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Design help



  • hogweedhogweed Central ScotlandPosts: 3,975
    What access out of the back of the garden do you have? how do you get the bins out?
    'Optimism is the faith that leads to achievement' - Helen Keller
  • FlowerNewbieFlowerNewbie Posts: 149
    All of the conifers need to go I think, I want to incorporate a better tree eventually for wildlife. So I’ve taken a picture, but you’ll now see why the bins annoy me. I have a shared path with my neighbour to the left of the picture, to be honest that neighbour has high fences but to the right hand side of the picture they all have low fences for whatever reason.  
  • If it were my garden I'd be tempted to buy a very small flowering tree that will be attractive, good for wildlife and give height that will help you feel a little less overlooked on the back or left side. If it's small enough, it can be grown in a large container until you're ready to pull up the paving slabs and plant it in the ground. To give you an idea - something like Malus Coralburst.
  • Lizzie27Lizzie27 Bath, SomersetPosts: 5,040
    edited June 2019
    Hello @FlowerNewbie
    It looks to me that the decking area was put there because there is a difference in level? The pavement/road behind looks lower. I would be inclined to keep it for the time being, especially if the budget is low. You could just let the conifers behind it grow another few feet to give you some more privacy. I would keep the bins below the window so that you simply look over them not at them, which might annoy you even more. If you move the plastic greenhouse elsewhere, there looks to be room for a row of bins. They could be covered up by a relatively cheap roll of brushwood screening, tied to the fence one side and to the steps the other side with a hook to easily pull it back when you need to.

    I would also try lifting one paving slab near the side fence to check what is underneath.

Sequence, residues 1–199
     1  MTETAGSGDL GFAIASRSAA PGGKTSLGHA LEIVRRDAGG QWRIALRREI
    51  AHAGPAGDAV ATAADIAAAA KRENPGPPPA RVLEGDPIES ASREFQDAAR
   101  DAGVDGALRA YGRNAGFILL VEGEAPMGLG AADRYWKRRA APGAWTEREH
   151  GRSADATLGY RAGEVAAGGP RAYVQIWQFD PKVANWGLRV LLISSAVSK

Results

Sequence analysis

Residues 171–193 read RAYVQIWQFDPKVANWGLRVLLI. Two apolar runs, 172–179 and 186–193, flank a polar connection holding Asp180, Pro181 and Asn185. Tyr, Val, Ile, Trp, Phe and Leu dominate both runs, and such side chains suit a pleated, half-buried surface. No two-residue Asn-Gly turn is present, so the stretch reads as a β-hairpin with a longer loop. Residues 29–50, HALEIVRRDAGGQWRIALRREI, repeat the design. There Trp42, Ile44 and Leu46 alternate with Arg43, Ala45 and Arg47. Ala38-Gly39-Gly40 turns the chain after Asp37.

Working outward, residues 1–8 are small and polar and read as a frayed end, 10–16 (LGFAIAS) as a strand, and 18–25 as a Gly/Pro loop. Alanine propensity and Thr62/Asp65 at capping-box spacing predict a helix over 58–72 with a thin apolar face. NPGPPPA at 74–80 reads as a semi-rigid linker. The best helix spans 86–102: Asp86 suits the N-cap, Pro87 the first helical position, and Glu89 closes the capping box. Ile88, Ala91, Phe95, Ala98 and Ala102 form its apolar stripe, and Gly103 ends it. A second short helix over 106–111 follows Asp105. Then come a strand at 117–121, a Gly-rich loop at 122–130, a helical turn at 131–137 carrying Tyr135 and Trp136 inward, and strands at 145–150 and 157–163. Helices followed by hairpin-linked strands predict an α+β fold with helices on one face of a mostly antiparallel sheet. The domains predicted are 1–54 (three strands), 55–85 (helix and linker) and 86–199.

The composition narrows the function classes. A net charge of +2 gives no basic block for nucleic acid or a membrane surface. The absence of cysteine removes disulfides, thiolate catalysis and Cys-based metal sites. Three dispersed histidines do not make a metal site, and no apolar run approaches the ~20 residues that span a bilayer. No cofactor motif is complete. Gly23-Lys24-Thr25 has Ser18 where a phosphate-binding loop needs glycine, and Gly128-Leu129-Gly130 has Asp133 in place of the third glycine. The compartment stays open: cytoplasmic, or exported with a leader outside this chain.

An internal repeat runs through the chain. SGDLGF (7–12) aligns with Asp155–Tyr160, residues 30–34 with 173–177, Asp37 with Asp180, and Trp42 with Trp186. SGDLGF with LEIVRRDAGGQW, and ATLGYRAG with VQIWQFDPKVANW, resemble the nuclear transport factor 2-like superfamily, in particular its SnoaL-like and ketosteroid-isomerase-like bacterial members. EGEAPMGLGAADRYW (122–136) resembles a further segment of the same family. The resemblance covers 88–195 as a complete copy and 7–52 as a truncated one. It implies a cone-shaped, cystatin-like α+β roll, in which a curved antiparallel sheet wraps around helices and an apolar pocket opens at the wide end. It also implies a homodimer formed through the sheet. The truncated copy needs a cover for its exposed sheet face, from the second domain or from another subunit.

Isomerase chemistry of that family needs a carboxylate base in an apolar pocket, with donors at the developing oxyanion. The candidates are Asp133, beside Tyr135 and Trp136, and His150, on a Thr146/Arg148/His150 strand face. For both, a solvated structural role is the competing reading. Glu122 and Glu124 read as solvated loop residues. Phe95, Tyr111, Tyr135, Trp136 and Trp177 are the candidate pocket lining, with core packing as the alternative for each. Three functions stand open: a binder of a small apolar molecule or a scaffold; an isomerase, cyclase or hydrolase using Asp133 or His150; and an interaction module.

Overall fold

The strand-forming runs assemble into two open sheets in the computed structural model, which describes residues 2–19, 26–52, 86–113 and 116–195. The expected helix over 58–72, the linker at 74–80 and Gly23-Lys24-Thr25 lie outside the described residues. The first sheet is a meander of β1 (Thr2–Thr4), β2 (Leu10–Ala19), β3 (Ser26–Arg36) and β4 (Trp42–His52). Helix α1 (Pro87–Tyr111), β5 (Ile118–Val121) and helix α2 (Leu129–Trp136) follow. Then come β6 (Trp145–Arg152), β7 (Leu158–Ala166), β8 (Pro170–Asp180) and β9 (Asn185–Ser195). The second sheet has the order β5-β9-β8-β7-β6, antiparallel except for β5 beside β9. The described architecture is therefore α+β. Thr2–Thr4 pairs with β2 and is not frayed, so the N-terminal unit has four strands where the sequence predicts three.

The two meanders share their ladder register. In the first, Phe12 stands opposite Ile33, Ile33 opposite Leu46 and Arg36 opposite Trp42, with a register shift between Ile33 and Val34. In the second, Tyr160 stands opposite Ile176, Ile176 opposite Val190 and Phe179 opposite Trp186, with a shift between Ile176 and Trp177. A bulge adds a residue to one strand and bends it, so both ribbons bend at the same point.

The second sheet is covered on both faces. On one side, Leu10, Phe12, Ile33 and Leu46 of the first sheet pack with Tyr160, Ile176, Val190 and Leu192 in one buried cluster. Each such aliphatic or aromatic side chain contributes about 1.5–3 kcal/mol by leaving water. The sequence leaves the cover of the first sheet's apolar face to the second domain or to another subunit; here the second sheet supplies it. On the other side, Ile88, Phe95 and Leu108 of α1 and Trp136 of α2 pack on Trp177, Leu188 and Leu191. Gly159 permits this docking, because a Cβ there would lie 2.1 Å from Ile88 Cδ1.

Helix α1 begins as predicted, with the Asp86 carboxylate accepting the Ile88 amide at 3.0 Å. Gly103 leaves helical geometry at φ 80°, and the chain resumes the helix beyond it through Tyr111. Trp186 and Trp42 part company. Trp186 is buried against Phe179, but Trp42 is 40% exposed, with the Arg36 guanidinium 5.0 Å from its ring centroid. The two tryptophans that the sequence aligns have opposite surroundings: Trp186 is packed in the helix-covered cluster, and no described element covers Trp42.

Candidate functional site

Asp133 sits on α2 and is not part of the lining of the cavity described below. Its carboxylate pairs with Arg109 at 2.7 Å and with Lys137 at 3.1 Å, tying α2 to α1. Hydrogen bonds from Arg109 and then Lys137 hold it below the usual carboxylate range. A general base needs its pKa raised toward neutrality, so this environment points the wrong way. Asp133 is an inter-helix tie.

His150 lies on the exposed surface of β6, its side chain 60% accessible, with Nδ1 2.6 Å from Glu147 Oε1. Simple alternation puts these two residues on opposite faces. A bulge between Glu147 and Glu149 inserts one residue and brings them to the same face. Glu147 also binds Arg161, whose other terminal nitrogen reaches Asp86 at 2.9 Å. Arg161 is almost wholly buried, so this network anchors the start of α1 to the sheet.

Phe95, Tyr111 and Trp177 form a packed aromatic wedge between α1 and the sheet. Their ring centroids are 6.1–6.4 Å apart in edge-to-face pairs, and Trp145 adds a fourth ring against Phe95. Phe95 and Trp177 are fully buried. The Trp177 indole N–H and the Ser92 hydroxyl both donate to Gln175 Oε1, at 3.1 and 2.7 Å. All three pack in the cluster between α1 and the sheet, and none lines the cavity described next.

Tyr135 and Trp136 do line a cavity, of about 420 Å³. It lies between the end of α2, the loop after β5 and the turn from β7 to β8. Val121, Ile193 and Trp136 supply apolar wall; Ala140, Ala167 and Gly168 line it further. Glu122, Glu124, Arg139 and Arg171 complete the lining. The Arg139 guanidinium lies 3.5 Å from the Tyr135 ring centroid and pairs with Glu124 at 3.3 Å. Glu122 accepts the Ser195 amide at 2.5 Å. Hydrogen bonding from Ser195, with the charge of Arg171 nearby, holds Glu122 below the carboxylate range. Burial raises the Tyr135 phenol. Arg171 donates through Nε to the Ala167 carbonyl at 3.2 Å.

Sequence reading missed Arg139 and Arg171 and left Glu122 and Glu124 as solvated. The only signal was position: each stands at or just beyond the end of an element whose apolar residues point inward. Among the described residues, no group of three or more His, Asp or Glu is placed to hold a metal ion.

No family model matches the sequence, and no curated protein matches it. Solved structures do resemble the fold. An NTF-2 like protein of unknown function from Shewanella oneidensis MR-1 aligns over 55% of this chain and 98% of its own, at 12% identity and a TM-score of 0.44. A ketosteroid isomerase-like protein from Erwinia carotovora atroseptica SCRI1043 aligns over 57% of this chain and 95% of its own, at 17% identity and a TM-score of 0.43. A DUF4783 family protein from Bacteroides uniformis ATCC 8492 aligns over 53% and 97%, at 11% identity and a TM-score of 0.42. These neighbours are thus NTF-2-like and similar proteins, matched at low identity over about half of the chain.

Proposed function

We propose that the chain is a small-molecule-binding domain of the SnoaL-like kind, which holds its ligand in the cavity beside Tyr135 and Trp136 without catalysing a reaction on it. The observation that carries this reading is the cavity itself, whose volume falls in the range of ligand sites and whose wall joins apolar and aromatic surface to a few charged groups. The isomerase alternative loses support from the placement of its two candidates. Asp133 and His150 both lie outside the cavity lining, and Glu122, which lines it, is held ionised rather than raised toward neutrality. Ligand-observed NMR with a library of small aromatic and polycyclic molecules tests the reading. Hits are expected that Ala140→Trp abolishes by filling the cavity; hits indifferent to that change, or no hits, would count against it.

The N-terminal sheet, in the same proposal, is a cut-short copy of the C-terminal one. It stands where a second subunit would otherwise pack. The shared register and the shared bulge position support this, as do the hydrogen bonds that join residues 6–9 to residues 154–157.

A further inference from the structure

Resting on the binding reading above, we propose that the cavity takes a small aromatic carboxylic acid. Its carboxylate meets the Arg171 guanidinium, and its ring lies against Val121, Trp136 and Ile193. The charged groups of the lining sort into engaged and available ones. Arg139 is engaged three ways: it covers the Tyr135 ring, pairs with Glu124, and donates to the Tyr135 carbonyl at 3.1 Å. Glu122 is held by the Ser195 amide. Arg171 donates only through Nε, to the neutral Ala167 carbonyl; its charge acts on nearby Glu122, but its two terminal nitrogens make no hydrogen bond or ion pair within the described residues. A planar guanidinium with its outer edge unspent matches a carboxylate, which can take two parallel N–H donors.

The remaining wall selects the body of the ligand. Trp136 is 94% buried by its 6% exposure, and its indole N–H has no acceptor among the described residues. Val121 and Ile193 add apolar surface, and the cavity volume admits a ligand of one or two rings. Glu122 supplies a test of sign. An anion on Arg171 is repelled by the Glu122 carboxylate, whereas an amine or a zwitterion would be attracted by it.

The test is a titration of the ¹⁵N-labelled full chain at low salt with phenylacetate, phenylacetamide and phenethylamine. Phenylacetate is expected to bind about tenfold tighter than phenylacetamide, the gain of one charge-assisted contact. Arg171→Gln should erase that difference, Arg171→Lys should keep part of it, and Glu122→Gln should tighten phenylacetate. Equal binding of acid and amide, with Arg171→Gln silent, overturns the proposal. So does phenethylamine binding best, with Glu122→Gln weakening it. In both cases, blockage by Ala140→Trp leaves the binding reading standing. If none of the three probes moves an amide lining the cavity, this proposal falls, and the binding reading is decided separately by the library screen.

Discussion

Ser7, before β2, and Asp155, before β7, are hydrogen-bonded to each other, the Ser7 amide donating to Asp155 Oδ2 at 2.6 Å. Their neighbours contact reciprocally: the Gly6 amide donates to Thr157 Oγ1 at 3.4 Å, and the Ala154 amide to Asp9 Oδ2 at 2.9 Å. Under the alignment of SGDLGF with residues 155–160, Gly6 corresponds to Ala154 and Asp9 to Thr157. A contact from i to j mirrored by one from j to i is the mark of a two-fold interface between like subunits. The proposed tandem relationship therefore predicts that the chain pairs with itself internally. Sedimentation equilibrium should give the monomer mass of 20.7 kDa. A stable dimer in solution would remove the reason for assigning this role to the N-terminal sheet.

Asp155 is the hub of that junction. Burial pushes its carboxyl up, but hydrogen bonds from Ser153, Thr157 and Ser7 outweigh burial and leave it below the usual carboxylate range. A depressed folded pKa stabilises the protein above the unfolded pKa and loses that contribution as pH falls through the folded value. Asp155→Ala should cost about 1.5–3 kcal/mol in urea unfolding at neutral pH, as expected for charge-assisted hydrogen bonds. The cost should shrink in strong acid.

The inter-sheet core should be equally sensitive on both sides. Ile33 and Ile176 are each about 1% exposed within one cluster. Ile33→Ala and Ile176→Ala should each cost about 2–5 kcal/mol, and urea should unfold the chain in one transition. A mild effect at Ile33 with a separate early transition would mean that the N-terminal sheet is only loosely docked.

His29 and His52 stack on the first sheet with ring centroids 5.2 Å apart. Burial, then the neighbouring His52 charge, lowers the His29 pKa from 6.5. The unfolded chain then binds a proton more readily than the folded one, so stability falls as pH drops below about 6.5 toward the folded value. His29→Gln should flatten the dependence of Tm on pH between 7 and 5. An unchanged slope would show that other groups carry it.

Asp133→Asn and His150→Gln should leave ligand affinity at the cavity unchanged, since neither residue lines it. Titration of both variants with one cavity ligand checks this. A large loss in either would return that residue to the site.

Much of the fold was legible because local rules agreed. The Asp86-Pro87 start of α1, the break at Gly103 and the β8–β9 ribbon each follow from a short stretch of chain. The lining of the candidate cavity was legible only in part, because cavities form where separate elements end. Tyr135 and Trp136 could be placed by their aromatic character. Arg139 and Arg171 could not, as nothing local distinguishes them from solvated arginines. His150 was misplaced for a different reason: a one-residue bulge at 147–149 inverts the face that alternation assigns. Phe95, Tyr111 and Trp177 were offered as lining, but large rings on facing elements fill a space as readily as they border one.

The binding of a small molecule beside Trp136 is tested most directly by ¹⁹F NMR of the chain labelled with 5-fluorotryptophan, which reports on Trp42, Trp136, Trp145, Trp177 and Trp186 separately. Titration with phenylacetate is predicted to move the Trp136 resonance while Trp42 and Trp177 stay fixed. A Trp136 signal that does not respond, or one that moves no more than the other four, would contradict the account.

If you find that relatively easy, have a dig down to see what is there. You could use old compost bags to fill with the rubble and then take a few to the tip regularly. If that works, you could then take our more slabs alongside the fence and make planting pockets for tall, thin plants for privacy.

    As you have two toddlers, some of the paved area could be covered with interlocking rubber play squares to make a softer temporary surface. I did think about suggesting you covered it with bark chippings, but cats would probably use it as a loo!
    I think you need to work out the practicalities first and your budget, then lastly think about any plants. And in a very small garden, less is more. 
  • FlowerNewbieFlowerNewbie Posts: 149
    @Lizzie27 I did actually lift one of the slabs up a few days ago, this was underneath.. doesn’t look too deep, a few inches maybe? The front garden gets more sun and I was contemplating moving the greenhouse to there, plus we hardly use the front garden/front door. That sounds like a really great idea with the tall plants! I’m loving everyone’s ideas 💡  ☺️ 
  • AnniDAnniD Posts: 5,998
    @FlowerNewbie, it looks like they've been laid on to builder's sand and hoggin(stones), could have been worse ! You could try digging and skimming off the top layer and hopefully find some reasonable soil underneath 🤞
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